As we have explicitly detailed in the Trends Journal, anti-establishment protests were sparking up across the globe in 2019, and we had forecast they would intensify in 2020. (See our “TOP TREND FOR 2020: NEW WORLD DISORDER.”
While we can forecast trends, we continually note that no one can predict the future because there are too many wild cards… be they manmade or made by nature. The 2020 wild card was the COVID War.
Nations that were experiencing ongoing protests were locked down their tracks by politicians, and the people were forbidden to take to the streets. Now, with the COVID War winding down, the protestors are back on the streets, and those in power are doing all they can to lock them up… or shoot them down. 
As we reported in our 11 May article, COLOMBIA: PROTESTS ESCALATE, GOV’T CRACKS DOWN,” thousands have taken to the streets to voice their outrage over worsening conditions faced by Colombian citizens and an ill-advised proposal to issue a new tax aimed at the middle class to make up for the shortfall after the virus outbreak.
The proposal was retracted, but tensions remain. CNN, citing the country’s Ombudsman Office, reported that at least 42 people have died, but the actual number is expected to be higher. The report pointed to scenes of police brutality, including one viral video that purported to show a police officer on a motorcycle fatally shooting a fleeing protester who kicked him.
“My kid died there as a result of a shot that a police officer gave him,” Armando Agredo Bustamante, the boy’s father, said in an interview in the country. His brother said police had already been firing on protesters even before the kick. The Attorney General’s office said the shooting is under investigation, and the police officer was charged with aggravated homicide, according to The Washington Post.
Other videos emerged on social media that showed the country’s police force in armored vehicles confronting protesters who were throwing rocks. The protesters say police fired tear gas directly at demonstrators, in one case killing a 24-year-old man who reportedly told his mother he was headed to the protests to “fight for his rights and raise his voice.”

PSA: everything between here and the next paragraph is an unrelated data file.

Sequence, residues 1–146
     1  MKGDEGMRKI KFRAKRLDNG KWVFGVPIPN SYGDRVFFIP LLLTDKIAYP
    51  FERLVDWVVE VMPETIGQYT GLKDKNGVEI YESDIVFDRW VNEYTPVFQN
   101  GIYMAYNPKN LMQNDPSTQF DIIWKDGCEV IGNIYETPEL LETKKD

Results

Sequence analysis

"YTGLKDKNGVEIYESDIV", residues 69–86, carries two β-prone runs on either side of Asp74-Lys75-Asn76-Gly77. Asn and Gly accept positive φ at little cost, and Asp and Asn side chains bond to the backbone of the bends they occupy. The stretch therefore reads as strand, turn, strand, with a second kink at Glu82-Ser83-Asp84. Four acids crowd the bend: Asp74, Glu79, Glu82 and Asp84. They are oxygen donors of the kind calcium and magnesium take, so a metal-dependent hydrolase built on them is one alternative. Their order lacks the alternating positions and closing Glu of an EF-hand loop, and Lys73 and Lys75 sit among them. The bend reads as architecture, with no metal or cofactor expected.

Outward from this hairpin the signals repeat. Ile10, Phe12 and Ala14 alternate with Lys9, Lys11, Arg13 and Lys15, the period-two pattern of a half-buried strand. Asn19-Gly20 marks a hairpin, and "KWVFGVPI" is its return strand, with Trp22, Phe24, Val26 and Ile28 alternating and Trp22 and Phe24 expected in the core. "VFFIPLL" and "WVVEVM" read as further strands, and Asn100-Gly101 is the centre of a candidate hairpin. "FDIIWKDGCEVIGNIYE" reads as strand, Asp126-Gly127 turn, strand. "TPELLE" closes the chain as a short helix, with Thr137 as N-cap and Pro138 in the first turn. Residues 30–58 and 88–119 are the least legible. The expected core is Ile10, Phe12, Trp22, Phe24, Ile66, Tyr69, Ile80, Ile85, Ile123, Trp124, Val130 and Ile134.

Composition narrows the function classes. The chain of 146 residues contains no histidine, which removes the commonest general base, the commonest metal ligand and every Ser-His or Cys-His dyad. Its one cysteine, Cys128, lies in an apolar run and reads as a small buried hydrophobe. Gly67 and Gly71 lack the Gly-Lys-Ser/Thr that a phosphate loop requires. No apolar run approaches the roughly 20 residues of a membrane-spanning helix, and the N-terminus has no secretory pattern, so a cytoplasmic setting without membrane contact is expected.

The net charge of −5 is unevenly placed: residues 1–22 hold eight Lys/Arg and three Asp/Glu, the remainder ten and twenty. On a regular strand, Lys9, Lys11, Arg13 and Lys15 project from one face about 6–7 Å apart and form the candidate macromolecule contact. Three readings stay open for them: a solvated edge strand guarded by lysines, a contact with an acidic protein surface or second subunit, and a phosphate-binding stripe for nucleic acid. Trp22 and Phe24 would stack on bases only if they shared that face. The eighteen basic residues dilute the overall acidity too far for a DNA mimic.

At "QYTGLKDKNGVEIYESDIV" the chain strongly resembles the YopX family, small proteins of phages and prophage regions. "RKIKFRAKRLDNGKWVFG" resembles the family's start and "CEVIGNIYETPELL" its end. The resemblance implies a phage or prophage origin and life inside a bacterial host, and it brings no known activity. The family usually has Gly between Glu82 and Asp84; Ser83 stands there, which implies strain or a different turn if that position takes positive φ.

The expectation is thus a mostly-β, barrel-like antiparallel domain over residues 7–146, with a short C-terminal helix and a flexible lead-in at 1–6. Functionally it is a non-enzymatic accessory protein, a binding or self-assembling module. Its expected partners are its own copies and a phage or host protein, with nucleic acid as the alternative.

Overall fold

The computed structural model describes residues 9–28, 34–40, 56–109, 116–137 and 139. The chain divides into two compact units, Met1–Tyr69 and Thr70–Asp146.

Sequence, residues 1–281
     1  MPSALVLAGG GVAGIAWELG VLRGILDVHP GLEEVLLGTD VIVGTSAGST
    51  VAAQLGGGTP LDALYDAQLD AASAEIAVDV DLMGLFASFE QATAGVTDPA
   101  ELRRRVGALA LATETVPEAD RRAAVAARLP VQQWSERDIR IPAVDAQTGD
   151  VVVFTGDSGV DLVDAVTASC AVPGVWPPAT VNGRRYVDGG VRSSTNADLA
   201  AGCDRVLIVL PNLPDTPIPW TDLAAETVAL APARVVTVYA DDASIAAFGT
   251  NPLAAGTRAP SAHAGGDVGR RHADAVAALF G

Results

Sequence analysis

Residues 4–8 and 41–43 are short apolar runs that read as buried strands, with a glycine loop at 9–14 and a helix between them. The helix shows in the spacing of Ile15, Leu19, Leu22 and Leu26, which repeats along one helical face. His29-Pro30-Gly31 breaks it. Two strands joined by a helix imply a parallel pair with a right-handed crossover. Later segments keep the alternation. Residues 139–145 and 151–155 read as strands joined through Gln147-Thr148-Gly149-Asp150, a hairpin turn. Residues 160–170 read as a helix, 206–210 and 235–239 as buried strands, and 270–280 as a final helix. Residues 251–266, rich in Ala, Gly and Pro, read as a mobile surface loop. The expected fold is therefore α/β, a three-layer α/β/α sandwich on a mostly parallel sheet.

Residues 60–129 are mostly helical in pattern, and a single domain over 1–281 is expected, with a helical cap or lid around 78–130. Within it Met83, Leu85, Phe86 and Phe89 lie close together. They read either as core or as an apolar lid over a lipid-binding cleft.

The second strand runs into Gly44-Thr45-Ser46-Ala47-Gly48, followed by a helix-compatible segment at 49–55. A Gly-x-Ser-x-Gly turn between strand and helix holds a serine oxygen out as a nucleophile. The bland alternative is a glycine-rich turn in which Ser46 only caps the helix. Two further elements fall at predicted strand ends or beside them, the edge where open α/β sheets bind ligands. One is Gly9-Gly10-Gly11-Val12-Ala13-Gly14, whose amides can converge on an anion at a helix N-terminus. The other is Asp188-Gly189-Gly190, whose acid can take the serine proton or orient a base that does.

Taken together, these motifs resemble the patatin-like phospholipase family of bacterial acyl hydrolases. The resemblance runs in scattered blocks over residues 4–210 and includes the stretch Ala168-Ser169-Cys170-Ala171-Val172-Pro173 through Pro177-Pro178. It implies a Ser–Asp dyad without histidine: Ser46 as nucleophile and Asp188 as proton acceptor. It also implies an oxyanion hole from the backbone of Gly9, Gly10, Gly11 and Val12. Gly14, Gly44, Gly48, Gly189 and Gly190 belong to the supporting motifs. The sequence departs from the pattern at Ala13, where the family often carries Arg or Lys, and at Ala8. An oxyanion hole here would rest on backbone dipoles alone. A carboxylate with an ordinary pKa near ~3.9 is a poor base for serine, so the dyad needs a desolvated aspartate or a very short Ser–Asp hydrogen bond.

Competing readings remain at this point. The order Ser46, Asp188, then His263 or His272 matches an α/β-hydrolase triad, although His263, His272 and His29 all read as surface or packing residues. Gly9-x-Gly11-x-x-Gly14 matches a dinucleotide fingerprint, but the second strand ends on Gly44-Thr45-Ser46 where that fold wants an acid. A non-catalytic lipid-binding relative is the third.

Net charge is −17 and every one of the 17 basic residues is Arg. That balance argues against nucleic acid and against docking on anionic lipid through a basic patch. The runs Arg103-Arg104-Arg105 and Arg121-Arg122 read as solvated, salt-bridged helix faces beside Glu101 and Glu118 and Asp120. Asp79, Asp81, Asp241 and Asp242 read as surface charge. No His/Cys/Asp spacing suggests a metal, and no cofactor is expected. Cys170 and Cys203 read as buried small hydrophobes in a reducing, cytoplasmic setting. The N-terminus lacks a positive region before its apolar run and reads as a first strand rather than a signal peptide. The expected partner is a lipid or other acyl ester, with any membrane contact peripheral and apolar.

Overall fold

Al Jazeera reported the protests are entering their fourth week, and they include many young in the country who feel disenfranchised with Bogotá. The uptick in violence in the country is seen by many observers as a preview of things to come in other countries in the region dealing with the same frustrations that have been all the more apparent due to the pandemic.
“We’re accompanying our young people, our children, our grandchildren, who still lack opportunities despite our fighting for so long,” Roberto Hermida, 68, a lawyer, told Reuters.
Elizabeth Dickinson, a senior Colombia analyst at the International Crisis Group, told Al Jazeera that the protests represent the “deep social and economic inequality, frustration with police brutality, widespread distrust of government.”
She said the protests are “everywhere.”
“The demonstrations reflect a deep national crisis that transcends geography. Although grievances vary by region, the sense of exasperation and frustration is shared.”
President Iván Duque told CNN the country is investigating allegations of police brutality. He claimed that leftist militants and other armed groups are behind some of the violence during the protests. The report pointed out that protesters have been blamed for looting stores and setting fire to buses and police precincts. These protesters have also tried to block roads and commerce.
Interior Minister Daniel Palacios said the country’s constitution “does not establish the right to block, for violence, or vandalism. The blockades generate poverty, don’t build a country and end the economy.”
The violence in Colombia has sparked international condemnation. Dozens of U.S. lawmakers sent a letter to Secretary of State Antony Blinken that called on a suspension of aid to the country’s military. They said the “aggressive, indiscriminate use of lethal and non-lethal weapons against citizens” violates international human rights standards, according to the Wall Street Journal.
TOP TREND FOR 2021: “YOUTH REVOLUTION”: As we forecast in December 2020, in 2021, the uprisings and revolutions that were sweeping the world before the COVID War would accelerate dramatically, as billions of people sink deeper into economic despair. 
In response, governments will again attempt to use the COVID War as a “legal” justification to prohibit protests. But, as Gerald Celente says, “When people lose everything and have nothing left to lose, they lose it.” And lose it, they will. Thus, we maintain our forecast that as the “Greatest Depression” worsens, protests will escalate into civil wars, and civil wars will spread to regional wars. 
And, as the wars intensify, there will mass migration of people escaping poverty, corruption, crime, and violence to safe-haven nations. This will, in turn, ratchet up populist/anti-establishment/anti-immigration political movements in those countries where refugees flee to safety.

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